When the NCAA opened the doors for athletes to profit off of their name, image and likeness on June 30 it was inevitable that the domino effect would reach the high school level.
It's no surprise that one prominent athlete from San Diego will end up among the first to benefit from the new rules.
Mikey Williams has signed with Excel Sports Management as the agency's first NIL client, and according to ESPN, he is the first high school basketball player to land representation in pursuit of endorsement deals.
Excel wrote in their announcement of the partnership: "We will work with Mikey to continue to develop his personal brand and build an endorsement and partnership portfolio that is authentic to who he is and what he stands for He is truly a unique talent primed to take advantage of the rapidly evolving athlete endorsement space and we know the future is bright for him!"
NBC 7 has reached out to Excel for more information on what this means for the basketball star.
Excel works with a number of well known athletes, including Tiger Woods as well as Helix High grad and recently retired NFL quarterback Alex Smith.
Williams grew up in San Diego and played his freshman season at San Ysidro before transferring to Lake Norman Christian in North Carolina. He will play his junior season for Vertical Academy while continuing his education at Lake Norman.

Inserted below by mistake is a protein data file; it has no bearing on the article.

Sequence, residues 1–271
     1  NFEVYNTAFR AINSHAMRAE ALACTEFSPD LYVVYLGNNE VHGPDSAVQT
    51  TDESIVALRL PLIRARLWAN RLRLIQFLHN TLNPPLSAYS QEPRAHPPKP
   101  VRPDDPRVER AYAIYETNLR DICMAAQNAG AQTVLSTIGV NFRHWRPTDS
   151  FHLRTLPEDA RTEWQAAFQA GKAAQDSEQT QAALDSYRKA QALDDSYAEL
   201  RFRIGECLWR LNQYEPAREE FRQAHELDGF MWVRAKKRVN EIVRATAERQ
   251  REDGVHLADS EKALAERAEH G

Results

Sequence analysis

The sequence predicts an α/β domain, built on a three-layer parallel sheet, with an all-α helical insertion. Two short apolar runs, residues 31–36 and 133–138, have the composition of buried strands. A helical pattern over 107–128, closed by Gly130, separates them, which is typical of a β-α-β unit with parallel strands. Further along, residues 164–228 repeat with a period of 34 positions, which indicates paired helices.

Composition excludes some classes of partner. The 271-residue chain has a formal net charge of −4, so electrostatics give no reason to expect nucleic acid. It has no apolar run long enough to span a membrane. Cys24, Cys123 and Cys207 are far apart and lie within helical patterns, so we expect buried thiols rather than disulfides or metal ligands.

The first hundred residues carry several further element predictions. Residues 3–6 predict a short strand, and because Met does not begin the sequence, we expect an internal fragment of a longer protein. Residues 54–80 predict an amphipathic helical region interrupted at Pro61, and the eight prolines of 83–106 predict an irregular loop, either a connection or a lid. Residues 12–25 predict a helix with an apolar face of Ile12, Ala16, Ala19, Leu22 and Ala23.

Aside from being an explosive talent, ranked as one of the top-10 players in the class of 2023, Williams has an enormous social media following. When NBC 7 profiled the then-15-year-old prior to his freshman season, Williams had over one million followers on Instagram. That number is now over three million, with north of five million spread across his social media channels.
The NCAA's adaptation of NIL policies allowed for prep athletes to capitalize on earning opportunities as well without jeopardizing their eligibility, as long as state laws and high school athletic associations don't have rules prohibiting such deals.
According to 247 Sports the CIF allows its athletes to profit off of their name, image and likeness but may not use their school's name or logo in doing so.